This weekend's "second Sunday" puzzle in the NYT is a diagramless crossword by Byron Walden. After the last diagramless, I wrote a how-to primer about solving this kind of puzzle and said that I usually use the solving hint that gives away the location of 1-Across's starting square. Tyler Hinman was so disappointed in me after that confession, I decided to try this one sans hint. Hey! This wasn't bad at all. I mean, yeah, it took more than twice as long as the Saturday NYT, but it was easy to figure out where to place the answers. (The giveaway was in the third row, where I had 4- and 8-letter entries with a clue in between them that had to be a 3-letter word, which pushed those other two answers to the edges of the grid. The nine starred entries (note: the asterisk in 22-Across belongs to 23-Across) contain a total of 19 words, each of which can precede the word CALL. (E.g., COLD DUCK gives you cold call and a duck call.) Did you know there were at least 19 "___ call" phrases? There are more, but they don't necessarily bundle themselves into phrases. You know, "cattle call" and "bad call" work, but nobody says "bad cattle." Or "booty conference," for that matter. I didn't know tennis umpires said LET FIRST SERVICE (that's my lack of tennis savvy), and SICK BIRD seems not quite "in the language," but JUNK MAIL, GOODWILL, HARD ROLL, and HOUSECAT are golden.

Dan Stark's Newsday Saturday Stumper is notable for its dearth of multi-word entries. I see IN BED and...71 single-word entries. I suppose there may well be a contingent of solvers who prefer straight-up words to the phrases that have become more popular of late, especially in themeless puzzles, but I am quite fond of the phrasal action. As far as single-word entries go, though, POLTERGEIST is great. Favorite clue (and one that befuddled me for far too long): [Best replacement] for STARR. Thinking only of Brenda Starr and Bart Starr, it made no sense—until eventually the early Beatle Pete Best and his replacement, Ringo STARR, dawned on me. The biggest disappointment was when my first guess for [They may go down the tubes] proved to be wrong. C'mon, with *O****ASTES, how could that not be SOLID WASTES? I know it passes no breakfast, lunch, or dinner test for crossword suitability, but solid wastes do go down tubes, whereas TOOTHPASTES generally get squeezed out of tubes.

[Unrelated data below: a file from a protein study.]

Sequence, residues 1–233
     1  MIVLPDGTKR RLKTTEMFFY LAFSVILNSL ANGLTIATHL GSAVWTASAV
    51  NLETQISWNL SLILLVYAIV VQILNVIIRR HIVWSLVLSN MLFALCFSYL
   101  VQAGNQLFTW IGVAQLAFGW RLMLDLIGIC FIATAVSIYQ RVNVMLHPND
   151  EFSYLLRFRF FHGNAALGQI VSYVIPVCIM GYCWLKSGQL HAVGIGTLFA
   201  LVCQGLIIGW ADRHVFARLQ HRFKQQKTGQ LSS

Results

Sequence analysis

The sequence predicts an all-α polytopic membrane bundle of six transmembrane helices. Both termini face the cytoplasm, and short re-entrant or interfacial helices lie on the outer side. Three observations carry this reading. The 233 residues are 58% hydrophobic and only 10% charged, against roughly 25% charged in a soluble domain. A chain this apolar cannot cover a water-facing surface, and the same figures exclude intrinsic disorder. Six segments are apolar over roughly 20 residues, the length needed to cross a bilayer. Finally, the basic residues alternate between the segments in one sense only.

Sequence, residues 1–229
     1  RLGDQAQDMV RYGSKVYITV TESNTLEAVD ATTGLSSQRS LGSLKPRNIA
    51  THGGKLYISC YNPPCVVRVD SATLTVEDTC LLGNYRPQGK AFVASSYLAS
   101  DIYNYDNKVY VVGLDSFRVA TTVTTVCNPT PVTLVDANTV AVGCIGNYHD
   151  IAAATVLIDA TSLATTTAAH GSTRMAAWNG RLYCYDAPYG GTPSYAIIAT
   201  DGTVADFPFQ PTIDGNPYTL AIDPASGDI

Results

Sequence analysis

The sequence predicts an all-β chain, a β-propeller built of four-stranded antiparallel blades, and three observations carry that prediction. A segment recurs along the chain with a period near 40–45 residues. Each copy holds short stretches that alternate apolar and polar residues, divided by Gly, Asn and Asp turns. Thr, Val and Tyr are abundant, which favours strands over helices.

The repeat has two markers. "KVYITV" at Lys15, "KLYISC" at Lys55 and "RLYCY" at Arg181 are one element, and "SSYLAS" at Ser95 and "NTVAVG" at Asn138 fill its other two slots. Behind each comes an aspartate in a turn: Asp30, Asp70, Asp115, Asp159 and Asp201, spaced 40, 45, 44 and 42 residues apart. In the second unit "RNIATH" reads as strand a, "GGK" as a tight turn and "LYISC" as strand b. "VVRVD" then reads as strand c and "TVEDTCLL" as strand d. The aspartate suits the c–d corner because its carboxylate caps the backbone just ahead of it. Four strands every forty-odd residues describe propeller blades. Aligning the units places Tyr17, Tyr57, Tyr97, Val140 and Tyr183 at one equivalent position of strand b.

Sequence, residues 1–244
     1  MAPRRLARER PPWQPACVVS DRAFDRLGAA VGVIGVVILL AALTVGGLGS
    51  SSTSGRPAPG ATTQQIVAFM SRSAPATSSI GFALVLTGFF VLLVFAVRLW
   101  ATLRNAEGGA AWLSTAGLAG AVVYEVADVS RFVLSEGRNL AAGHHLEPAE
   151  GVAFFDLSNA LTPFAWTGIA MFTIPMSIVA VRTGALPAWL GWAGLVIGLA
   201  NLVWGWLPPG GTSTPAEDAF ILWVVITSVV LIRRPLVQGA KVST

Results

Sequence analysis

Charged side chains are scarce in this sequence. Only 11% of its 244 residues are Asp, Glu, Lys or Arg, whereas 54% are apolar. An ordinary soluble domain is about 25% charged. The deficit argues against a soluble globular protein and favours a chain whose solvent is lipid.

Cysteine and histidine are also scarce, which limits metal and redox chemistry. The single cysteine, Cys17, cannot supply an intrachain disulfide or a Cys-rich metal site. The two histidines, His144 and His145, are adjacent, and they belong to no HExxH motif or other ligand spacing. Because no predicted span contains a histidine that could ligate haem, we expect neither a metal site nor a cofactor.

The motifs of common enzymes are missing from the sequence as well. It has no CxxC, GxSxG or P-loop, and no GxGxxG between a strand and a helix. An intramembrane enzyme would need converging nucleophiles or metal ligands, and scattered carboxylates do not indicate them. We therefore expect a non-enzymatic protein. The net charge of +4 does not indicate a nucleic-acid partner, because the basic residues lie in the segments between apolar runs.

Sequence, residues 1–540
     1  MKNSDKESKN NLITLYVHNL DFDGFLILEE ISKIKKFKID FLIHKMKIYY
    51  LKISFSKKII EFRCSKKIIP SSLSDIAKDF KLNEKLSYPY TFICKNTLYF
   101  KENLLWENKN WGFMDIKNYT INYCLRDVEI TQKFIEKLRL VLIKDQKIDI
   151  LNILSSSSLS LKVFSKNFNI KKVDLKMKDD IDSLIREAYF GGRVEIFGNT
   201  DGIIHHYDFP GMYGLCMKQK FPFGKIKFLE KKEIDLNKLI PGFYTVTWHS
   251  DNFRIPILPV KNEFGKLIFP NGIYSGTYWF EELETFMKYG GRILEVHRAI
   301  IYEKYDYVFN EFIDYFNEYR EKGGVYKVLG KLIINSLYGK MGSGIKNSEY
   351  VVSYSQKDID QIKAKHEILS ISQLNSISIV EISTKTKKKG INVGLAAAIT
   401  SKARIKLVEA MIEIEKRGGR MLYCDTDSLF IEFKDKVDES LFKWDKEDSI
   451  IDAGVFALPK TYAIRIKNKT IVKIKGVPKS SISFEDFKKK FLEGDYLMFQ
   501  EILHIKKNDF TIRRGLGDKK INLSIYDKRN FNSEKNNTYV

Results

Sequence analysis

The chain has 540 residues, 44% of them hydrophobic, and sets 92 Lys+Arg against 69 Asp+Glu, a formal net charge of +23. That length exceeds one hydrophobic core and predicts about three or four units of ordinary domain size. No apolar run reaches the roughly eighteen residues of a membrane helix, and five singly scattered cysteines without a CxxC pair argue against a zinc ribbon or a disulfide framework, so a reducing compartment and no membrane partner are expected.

Robert Wolfe's LA Times crossword was a little tougher than the other themeless puzzles of the day...or solving later in the evening dims my brain's wattage. The very last clue I figured out—with the help of playing the alphabet game, mentally scrolling through the alphabet trying to fill in one last square—was [It's weighed by the pound], with an excellent misdirection. This one's not about measuring in pounds; rather, it's a passive-voice construction about something that the pound weighs—a STRAY animal. Other favorite clues: [Cruise, often] for MALE LEAD and [Not a big hit] for TAP. I like two of the 15-letter entries, TAKING EXCEPTION and TIGHTEN ONE'S BELT, but "THAT'S NOT CORRECT" doesn't quite feel like a stand-alone crossword-suitable phrase to me.

Saturday-morning update:

Martin Ashwood-Smith's CrosSynergy puzzle has a quip theme (riddle and answer), but the crossings included so many easy clues and gimmes, there was no slogging through the grid. I believe I've heard the riddle before, too: WHAT'S WORSE / THAN RAINING / CATS AND DOGS? Why, HAILING CABS, of course. (Rim shot.) Favorite entry: THE ANIMALS. I can't say I'm familiar with any of their '60s music, but the '82 reissue of "House of the Rising Sun" was on radio and MTV rotation when I was at the teenage peak of my pop music immersion.